Many people struggling with their bodies due to home office

With the onset of the pandemic, home office became the new way of work. At first, many were excited at the prospect of working from home – at long last you could nestle on this comfy sofa of yours or even wrap yourself in the sheets in your bed – and work from your dream workstation at home. However, soon enough workers started to struggle with their bodies when working remotely. And guess what? The home office is to blame. Why?


Remote work has a trifecta of factors such as prolonged sitting and the subsequent reduced physical activity, and increased screen time, that altogether lead to what’s known as “work-from-home bod”. What does this exactly entail? Bloodshot eyes due to long hours of staring at the screen, pale skin due to lack of time outside, and as a consequence – low levels of vitamin D, obesity from reduced physical activity, and poor posture.


Although working in the office does have a sitting problem, people are still more likely to move around than if they were working from home. Working in the office means that employees have ample opportunities to get up from their seat and move around to socialise with their colleagues, have a coffee break, water the plants, collect printouts and so on. These opportunities have been practically erased once we switched to working from home. 


Prolonged sitting itself can lead to multiple health complications such as poor posture (scoliosis, anyone?), tech neck (strained muscles in the neck, back and shoulders from leaning forward to look at the screen, that can cause migraines), stiff and weak muscles, poor heart health, and increased risks of diabetes, as well as constipation.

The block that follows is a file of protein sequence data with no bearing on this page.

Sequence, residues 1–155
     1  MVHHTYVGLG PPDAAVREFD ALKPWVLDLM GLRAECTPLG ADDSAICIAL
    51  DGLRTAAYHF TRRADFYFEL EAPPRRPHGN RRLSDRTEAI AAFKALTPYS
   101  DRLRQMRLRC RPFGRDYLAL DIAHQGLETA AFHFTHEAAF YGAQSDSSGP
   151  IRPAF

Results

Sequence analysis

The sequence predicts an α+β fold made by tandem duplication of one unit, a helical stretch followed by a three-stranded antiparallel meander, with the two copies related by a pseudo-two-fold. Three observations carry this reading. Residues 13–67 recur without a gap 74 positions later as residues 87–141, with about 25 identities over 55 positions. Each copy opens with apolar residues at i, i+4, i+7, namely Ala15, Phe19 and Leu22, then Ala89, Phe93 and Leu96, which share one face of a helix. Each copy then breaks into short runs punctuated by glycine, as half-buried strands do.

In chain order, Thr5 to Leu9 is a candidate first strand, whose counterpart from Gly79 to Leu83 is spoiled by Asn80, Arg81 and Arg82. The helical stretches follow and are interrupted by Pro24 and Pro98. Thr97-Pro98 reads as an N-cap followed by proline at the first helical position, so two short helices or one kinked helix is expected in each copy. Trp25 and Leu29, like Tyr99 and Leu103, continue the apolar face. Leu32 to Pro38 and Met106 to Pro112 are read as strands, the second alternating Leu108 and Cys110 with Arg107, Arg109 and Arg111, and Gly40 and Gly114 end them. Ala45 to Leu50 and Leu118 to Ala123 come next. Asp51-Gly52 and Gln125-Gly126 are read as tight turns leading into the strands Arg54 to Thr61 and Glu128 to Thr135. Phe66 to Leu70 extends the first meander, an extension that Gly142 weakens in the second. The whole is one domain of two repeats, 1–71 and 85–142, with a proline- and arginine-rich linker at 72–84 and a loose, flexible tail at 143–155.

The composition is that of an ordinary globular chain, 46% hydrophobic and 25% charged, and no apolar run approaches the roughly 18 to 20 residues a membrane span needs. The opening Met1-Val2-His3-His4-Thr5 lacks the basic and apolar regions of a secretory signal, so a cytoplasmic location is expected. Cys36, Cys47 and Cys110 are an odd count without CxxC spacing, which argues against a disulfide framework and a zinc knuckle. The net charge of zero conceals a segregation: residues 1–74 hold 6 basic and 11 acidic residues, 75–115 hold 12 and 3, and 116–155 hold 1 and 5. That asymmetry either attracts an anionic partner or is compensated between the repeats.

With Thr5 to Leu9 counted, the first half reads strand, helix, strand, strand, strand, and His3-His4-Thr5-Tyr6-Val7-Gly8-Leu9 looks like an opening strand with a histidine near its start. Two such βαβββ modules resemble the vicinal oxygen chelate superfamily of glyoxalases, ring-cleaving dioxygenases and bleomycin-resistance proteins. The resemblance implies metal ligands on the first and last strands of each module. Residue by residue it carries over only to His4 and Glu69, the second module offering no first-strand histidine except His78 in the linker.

At the same time, strain your eyes at the computer for too long and you could get headaches and insomnia. The latter issue occurs as a result of excessive blue light that devices such as smartphones, tablets, and computer screens emanate. Chronic overexposure to blue light disrupts your natural circadian cycle (that regulates your natural wake and sleeping times), leading to problems with sleep. Given that due to the pandemic, most of us do all our activities on screens – from Zoom meetings to Netflix hang out parties – it is no surprise that workers report poor sleep as one of the major disadvantages of working from home. 


As such complaints keep piling up, companies should work to ensure that they provide the right conditions for their employees when the latter work from home. For now, it is up to employees themselves to organise their work stations at home to minimise the risks of musculoskeletal injuries and reduce other body problems associated with remote work. You can vastly improve your physical wellbeing when working from home by setting up your workstation in an ergonomic way – for instance, the screen should be positioned in such a way so that its top is on the same level as your eyes. You should also not hesitate to visit a professional to help you out with for example back or neck issues. For instance, there have never been so many people who go to Fysioterapi i Stavanger in Norway than now. Most likely because of the home office trend. Lastly be sure to take microbreaks every 10 minutes and do some stretches to release any muscle tension.